Exxon is offering its stake in 15 fields, which are expected to produce 37,000 barrels of oil equivalent a day net to the company this year. Stakes in pipeline infrastructure as well as two exploration areas are also up for grabs.

Following the Bakken puts this in perspective. For XOM, 37,000 boepd does not move the needle, not even for the Bakken which is producing one million bopd. 

By the way, whenever I see "boe" I know someone is trying to pad the numbers, making it sound better than it really is. "BOE" includes natural gas which is practically being given away. In many cases, it's a real hassle for the oil company interested in only producing oil. 

Covid-19: A Santa Barbara, California, Clinic's Experience -- September 23, 2020

Disclaimer: in a long note like this there will be typographical and content errors. I often misread data from original sources. There's probably a bunch of other stuff that I could say, but that will suffice for now. This was done for my benefit. If this is important to you go to the original sources. Again, I often make simple arithmetic errors, and I often make typographical and content errors in long notes like this. 

Link here.

This is an incredible note from a clinic to its patients. I am more than impressed.

I scanned through it fairly quickly. As I said I am quite impressed. Impressed that a clinic would send out such a long note to its patients. Obviously, they have a very, very well-educated population.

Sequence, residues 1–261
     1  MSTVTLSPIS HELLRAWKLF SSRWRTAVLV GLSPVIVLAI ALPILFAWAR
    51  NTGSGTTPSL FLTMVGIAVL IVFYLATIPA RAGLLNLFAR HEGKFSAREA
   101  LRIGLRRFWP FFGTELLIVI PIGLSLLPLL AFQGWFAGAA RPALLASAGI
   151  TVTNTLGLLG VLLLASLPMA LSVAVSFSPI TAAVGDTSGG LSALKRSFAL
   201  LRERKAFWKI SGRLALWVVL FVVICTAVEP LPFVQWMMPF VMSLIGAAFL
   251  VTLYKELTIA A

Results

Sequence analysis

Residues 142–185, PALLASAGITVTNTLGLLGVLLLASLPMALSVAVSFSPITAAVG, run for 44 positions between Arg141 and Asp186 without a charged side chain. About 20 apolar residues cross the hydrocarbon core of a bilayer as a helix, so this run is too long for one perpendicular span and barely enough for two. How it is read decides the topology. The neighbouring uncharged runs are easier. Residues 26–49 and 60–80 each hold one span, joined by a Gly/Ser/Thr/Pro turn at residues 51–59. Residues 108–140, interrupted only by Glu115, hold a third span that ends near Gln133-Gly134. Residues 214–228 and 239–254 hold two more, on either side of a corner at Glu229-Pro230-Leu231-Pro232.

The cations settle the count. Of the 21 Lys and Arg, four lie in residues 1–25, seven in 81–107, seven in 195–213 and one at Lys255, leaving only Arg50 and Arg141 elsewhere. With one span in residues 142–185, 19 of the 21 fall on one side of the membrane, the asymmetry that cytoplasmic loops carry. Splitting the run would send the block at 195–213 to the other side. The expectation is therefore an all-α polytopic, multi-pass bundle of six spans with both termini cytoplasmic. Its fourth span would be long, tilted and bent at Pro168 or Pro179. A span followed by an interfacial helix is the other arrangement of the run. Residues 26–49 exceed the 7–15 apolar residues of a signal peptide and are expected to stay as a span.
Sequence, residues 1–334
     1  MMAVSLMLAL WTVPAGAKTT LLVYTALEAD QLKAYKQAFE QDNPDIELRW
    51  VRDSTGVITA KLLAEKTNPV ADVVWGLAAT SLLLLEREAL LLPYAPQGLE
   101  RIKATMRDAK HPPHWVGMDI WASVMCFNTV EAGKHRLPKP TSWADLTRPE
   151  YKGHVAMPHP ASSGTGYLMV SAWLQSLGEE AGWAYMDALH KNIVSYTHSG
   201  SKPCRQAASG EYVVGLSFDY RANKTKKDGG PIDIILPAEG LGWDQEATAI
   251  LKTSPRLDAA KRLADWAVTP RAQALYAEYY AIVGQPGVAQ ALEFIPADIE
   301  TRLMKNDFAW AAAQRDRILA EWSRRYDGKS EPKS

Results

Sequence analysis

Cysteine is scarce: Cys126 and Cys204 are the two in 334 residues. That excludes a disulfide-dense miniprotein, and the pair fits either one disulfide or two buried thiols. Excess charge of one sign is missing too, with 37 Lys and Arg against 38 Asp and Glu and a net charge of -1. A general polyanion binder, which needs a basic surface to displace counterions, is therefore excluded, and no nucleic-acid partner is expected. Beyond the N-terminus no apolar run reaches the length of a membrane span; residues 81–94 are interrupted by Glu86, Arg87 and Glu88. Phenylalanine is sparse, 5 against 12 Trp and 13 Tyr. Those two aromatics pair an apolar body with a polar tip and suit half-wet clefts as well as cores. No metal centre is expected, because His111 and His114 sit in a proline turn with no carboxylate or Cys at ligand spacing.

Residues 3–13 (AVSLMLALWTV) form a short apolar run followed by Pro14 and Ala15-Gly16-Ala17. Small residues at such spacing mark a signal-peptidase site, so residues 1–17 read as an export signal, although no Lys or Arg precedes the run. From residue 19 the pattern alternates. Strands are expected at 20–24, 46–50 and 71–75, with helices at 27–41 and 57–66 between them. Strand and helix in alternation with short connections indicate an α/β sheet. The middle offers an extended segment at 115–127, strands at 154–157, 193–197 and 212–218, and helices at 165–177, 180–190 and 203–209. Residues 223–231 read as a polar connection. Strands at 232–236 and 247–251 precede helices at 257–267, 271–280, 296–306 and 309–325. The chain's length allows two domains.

But for such a long epistle I'm more surprised at what is not mentioned (again, these may have been mentioned and I simply missed them):

  • demographics (such as age, pre-existing medical conditions, living arrangements) for those that have died of Covid-19 verified by at least two positive tests; three would be better, based on number of false positives being reported
  • hospitalizations due to Covid-19 as the primary diagnosis
    • average length of stay in hospital with Covid-19 as primary diagnosis
    • percentage of all hospitalizations 
    • compared with seasonal flu
  • ICU admissions due to Covid-19 as the primary diagnosis
    • percentage of all ICU admissions
    • percent survival if admitted to ICU; average length of stay in ICU 
    • compared with seasonal flu
  • percent bed occupancy throughout calendar year, 2020
    • compared with seasonal flu
  • medical intervention strategies being used (hydroxychloroquine; steroids; anti-virals)
    • success rate of medical intervention
    • what's working; what's not
  • pet peeve: focus on number of cases -- irrelevant, inaccurate, and in-covfefe
  • pet peeve: no comparison of Covid-19 death rates with those of seasonal flu
  • pet peeve: no disclaimer that seasonal flu numbers are for a single season (i.e., about six months); whereas Covid-19 has now been going on perhaps as long as nine months and no end in sight;
  • reimbursement (dollar amount) from Medicare for Covid-19 diagnosis and whether that requires a confirmatory diagnostic test or simply based on a physician's impression/diagnosis
    • compared with seasonal flu

From the article, Covid-19 statistics:

  • death rate for seasonal flu, according to the CDC
    • 50,000 deaths / 50 million cases in the US = 0.001 or 0.1%
    • 50,000 deaths / 350 million US population = 0.000143 or 0.00143%
  • death rate for Covid-19 in the US according to Johns Hopkins:
    • 60 deaths / 100,000 cases = 0.0006 or 0.06%

Again, according to the CDC, regarding seasonal flu:

  • 50,000 deaths annually in a US population of 350 million = 0.000143 = 0.001%

From Johns Hopkins, regarding Covid-19:

  • 60 deaths so far for every 100,000 population = 600 deaths per million or 210,000

The time frames being used are different for Covid-19 and seasonal flu: